8. Honey muffins
I made these at 3:30 a.m. because I couldn't sleep (aside: when people talk about what they want to do when this is over, me included, they focus on things like going to crowded bars and throwing parties. What I really want more than anything is to get a straight eight hours of sleep). I used a recipe from Midwest Living that I've baked a few times before, but I left out the nuts because Mike recently informed me that he doesn't like "impurities" in his muffins. Chocolate chips are apparently an exception.
If eating heaps of frosting is wrong, I don't ever want to be right. I first made these frosted sugar cookie bars for my sister's baby shower last year, and I've wanted to revisit them ever since. The dough includes a half cup of sprinkles, and the layer of frosting is thicker than the bars themselves. Mike and I ate almost half the pan in an afternoon, and I gave the rest to Josh. Sugar highs and good times were had by all.
10. Honey walnut muffins
A few weeks after Mike's muffin purity declaration, he reversed course and decided that walnuts were acceptable. I went back to the Midwest Living recipe since I'm trying to use up a jar of crystallized honey, and I added a half cup of toasted walnuts. Yes, it's an extra step to toast the walnuts, but it's worth it for the rich, mellow flavor.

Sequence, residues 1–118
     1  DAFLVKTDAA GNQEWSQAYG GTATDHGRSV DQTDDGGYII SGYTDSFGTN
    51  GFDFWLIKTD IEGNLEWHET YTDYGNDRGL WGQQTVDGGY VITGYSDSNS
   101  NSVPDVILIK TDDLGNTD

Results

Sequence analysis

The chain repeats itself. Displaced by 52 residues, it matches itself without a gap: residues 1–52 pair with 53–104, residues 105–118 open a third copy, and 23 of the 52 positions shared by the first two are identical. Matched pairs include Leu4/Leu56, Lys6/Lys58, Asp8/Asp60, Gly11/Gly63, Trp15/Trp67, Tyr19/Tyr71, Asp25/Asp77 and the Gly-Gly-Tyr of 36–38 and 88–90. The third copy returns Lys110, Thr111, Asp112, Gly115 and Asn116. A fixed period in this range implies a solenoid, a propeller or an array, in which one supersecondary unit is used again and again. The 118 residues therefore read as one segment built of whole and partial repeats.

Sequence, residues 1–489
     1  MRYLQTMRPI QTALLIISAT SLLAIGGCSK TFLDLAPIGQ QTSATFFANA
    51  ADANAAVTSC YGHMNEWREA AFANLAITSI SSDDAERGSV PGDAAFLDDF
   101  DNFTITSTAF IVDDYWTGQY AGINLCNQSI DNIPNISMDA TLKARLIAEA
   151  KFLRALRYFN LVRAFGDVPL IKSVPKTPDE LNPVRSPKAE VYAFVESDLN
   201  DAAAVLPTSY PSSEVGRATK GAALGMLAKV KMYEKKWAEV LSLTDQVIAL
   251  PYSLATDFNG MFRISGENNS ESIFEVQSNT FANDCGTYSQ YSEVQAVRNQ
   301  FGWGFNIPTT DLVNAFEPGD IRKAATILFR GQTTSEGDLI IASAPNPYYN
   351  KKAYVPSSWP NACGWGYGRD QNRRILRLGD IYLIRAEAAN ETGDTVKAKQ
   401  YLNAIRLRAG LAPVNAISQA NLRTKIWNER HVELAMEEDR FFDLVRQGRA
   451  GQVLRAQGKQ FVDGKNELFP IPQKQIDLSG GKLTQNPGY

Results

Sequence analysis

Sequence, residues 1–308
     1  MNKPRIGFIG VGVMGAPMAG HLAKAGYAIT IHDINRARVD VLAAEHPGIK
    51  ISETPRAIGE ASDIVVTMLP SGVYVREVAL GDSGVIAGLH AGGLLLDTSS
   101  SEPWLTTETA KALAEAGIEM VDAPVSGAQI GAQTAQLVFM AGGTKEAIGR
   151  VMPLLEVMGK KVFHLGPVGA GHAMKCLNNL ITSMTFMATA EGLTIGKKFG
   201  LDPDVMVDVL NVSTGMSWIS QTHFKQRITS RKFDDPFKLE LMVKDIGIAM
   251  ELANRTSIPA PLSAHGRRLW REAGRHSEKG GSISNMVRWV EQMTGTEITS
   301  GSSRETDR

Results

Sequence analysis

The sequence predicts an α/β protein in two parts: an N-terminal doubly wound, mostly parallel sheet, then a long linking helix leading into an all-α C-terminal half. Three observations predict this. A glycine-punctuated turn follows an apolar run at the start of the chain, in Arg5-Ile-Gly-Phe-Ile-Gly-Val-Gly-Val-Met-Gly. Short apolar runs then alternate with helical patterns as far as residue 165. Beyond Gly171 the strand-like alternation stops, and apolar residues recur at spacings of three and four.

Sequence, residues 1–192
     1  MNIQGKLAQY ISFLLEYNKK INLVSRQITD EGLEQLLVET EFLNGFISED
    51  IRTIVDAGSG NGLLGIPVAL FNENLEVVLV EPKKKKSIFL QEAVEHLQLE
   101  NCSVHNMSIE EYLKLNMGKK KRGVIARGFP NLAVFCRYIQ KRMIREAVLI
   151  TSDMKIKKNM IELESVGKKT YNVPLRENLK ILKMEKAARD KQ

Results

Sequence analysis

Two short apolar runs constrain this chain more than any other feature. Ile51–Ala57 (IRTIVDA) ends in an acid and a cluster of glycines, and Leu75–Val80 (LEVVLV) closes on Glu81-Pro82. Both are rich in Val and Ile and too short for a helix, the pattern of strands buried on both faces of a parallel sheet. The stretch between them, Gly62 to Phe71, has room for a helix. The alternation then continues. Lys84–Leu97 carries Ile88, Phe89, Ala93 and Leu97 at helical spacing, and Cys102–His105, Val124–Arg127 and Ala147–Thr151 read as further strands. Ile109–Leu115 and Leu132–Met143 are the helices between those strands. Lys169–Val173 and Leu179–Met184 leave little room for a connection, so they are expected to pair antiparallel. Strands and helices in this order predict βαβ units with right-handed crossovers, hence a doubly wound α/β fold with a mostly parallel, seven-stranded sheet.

Those honey walnut muffins marked the end of my pandemic baking. I've made things since then, but not from the same place. When this started, both my emotional state and my baking were focused inwards. Since then, my mental focus has shifted, and baking has become a part of my professional identity (I started a home-based bakery!)
Sometimes, I even sleep through the night.